Trees and dreaming

I see this tree twice a day on the school run. On difficult days it lifts my heart.

I haven’t captured how beautiful it is. The leaves are delicate and the most intense burnished mottled scarlet. They glow against the grey morning skies, arranged with careless grace on the knobbled black branches. I stand underneath it and pause to look up for ten seconds. The angular symmetry reminds me of japanese silk paintings. I half expect to disturb a crane and see him flap away awkwardly. Instead it’s me who is tugged insistently back into the morning’s pell mell progress.

One of my main internal resolutions this year was to try to pay more attention to the moment and celebrate the beauty all around me, in all things. Feeding the white wolf to attempt to balance stuff out a little as I fear my gray one is the size of Godzilla.

I think it’s working. It’s been a tough year in many ways. Anyone who’s spent anytime in therapy will recognise the adage that you go in expecting to be fixed and you come out prepared to live fully in whatever broken shape you are.  This week, taking a deep cold breath under the trees crimson benediction, I felt as though I could feel every of inch of skin. I felt like you’d get a static shock if you touched me, strumming as I was with happiness. Momentary and fragmented –  it passed but I hug the memory of it to me.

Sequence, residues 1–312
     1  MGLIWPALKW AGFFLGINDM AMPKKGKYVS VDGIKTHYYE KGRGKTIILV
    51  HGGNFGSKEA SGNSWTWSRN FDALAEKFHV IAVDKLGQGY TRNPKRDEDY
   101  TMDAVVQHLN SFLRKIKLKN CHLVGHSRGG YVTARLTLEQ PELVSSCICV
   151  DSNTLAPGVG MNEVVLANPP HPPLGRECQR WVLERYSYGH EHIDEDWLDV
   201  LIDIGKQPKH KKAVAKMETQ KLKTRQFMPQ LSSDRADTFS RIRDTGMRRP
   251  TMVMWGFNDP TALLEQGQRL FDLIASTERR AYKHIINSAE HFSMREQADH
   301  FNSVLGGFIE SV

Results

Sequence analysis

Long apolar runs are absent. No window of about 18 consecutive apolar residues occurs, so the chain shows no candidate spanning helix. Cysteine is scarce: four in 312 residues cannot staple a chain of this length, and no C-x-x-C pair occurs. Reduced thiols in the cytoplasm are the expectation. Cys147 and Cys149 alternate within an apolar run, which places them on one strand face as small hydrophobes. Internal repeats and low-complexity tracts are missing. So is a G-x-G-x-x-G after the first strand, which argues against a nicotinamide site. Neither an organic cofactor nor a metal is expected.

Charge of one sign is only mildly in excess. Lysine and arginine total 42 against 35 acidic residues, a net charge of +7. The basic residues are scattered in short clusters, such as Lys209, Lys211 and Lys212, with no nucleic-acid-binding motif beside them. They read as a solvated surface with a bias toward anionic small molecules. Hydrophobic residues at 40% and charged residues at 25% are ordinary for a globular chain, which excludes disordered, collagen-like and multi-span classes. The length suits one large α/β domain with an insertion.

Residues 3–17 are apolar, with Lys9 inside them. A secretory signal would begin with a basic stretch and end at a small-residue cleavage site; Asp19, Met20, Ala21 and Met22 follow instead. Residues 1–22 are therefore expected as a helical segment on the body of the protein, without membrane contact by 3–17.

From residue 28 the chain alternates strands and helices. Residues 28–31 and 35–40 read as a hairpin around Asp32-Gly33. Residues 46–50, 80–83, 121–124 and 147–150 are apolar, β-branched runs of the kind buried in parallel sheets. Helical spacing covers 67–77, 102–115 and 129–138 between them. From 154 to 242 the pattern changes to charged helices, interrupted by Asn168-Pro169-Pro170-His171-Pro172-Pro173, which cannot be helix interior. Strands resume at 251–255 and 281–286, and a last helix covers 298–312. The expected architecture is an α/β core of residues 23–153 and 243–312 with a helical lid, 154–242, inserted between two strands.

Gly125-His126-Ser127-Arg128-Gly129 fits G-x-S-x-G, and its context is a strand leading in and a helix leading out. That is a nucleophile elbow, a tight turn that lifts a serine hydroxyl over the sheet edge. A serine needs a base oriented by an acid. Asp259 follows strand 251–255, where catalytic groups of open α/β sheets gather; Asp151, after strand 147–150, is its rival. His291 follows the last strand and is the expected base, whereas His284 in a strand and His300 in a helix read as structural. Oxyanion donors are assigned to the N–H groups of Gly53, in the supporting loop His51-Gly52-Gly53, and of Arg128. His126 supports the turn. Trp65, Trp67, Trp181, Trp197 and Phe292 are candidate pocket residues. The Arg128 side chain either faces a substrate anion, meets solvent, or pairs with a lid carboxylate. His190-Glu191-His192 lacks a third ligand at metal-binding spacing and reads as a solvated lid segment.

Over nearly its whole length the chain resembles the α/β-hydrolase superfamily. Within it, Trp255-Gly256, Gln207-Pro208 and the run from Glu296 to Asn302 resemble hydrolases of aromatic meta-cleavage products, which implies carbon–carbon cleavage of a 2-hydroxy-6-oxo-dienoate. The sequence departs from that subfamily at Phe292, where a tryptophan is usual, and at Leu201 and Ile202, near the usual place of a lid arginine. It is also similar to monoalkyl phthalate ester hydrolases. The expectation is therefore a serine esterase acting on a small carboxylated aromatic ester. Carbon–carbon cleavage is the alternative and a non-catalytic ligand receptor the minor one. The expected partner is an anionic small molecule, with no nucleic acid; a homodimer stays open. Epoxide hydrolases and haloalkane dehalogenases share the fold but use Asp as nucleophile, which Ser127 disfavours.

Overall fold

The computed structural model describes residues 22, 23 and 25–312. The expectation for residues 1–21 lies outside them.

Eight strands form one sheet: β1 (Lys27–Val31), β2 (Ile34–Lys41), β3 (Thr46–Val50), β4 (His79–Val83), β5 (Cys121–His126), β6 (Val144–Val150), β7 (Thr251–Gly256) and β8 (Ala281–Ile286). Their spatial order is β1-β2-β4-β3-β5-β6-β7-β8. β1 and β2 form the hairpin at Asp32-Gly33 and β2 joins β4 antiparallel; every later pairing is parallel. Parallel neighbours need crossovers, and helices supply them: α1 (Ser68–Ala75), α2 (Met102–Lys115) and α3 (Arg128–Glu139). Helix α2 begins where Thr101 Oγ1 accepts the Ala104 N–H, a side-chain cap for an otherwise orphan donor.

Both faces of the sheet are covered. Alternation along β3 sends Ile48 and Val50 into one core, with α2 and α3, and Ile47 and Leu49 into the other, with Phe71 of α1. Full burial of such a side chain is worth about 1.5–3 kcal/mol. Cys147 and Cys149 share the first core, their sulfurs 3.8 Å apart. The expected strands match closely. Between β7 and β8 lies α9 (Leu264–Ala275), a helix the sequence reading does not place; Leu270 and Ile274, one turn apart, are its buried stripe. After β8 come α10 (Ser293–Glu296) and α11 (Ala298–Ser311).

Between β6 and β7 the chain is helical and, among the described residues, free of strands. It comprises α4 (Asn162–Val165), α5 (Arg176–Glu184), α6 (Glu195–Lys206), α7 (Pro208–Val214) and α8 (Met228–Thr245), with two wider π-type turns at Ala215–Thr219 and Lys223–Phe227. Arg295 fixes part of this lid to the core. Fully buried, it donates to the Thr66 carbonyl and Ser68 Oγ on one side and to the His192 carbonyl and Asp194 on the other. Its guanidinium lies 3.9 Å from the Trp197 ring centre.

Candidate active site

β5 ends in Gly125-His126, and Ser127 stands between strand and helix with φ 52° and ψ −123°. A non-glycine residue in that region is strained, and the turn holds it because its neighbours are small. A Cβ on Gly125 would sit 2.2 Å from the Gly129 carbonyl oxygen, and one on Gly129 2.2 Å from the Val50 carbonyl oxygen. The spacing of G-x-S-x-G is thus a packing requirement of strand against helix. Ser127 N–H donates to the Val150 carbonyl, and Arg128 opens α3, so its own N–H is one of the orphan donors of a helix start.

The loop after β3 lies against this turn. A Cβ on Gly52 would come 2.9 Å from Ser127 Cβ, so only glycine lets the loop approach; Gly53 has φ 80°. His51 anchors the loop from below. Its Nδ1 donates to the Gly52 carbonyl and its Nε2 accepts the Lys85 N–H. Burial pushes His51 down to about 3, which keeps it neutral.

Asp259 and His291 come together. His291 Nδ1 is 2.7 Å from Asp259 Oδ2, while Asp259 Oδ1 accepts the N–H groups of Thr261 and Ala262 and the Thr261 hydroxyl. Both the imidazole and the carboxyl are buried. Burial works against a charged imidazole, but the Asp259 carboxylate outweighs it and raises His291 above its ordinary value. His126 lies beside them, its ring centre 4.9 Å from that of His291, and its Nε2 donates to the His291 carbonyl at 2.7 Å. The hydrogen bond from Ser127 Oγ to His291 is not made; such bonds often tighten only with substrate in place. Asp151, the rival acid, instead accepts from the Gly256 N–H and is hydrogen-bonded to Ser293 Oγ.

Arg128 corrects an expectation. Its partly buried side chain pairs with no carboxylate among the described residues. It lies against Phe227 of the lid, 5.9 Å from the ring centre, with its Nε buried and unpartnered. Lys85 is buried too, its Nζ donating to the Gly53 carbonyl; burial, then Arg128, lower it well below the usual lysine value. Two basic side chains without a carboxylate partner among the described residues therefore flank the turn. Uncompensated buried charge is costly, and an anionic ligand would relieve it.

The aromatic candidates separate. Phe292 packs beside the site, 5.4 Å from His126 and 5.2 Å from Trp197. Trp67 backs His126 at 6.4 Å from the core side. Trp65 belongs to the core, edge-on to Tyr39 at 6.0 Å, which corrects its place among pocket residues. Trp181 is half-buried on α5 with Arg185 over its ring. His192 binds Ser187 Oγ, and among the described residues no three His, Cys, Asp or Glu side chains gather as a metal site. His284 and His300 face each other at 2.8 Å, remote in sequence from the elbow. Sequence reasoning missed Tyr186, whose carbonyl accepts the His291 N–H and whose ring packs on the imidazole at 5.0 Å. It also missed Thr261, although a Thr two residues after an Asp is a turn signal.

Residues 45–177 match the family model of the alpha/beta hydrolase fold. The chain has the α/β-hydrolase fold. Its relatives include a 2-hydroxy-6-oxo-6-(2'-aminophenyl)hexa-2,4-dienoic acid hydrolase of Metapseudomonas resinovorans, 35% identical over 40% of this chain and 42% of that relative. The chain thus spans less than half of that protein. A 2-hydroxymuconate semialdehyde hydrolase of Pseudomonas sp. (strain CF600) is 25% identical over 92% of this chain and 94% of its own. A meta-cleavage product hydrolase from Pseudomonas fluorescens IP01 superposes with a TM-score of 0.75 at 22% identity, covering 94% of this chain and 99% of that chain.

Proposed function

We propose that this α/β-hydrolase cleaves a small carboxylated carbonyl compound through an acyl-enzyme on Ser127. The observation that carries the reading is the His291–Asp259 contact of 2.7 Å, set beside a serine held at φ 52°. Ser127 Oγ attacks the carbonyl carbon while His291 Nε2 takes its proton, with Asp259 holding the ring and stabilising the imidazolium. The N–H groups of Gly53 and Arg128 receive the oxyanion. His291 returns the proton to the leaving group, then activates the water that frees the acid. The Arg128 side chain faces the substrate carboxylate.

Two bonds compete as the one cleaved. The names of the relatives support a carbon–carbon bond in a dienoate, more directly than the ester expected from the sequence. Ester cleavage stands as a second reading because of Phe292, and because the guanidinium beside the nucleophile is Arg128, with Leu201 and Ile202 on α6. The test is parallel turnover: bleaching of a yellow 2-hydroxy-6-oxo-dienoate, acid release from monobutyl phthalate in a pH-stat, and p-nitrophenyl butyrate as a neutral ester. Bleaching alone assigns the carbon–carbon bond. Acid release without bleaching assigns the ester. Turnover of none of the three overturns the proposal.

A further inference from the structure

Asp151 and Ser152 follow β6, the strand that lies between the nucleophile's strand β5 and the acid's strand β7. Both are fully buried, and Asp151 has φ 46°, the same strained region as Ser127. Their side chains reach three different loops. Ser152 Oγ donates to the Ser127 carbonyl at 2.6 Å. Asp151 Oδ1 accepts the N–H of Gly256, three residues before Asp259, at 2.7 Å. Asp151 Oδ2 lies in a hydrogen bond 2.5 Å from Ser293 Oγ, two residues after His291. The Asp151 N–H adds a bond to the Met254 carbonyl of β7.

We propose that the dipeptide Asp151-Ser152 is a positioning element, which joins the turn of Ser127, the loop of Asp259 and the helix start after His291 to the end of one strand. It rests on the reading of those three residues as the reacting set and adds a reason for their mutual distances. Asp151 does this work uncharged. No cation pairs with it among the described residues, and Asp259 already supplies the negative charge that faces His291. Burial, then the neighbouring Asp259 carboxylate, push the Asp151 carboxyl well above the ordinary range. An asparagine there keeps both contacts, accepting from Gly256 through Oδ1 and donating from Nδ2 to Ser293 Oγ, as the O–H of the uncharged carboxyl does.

Being creative and making things fills me with satisfaction. Selling some of them has given me a much needed feeling of accomplishment and purpose and, possibly, more importantly paid the gas bill.


Of course the house is pretty chaotic – fabric stewn everywhere, bits and bobs balanced on the piano, golden wings hung on a doorknob. Last night Steve suggested if I ripped the mouldy cupboards out of the strange unused room on the way to the kitchen I could use it as a space for all my bits. It’s a DIY project I’ve been dodging and I’ll admit this substantial carrot has got me eyeing the room speclatively.

Picking my way through the islands of discarded fabric around the table I imagine shelves of jamjars filled with interesting bits and shelves of stacked fabric. I find myself wasting gobbets of time on pinboard looking at other people’s organisation. As if I didn’t have plenty of ways to waste time already…

Not that dreaming is ever wasteful.



One response to “Trees and dreaming

  1. Dreaming is NEVER wasteful.

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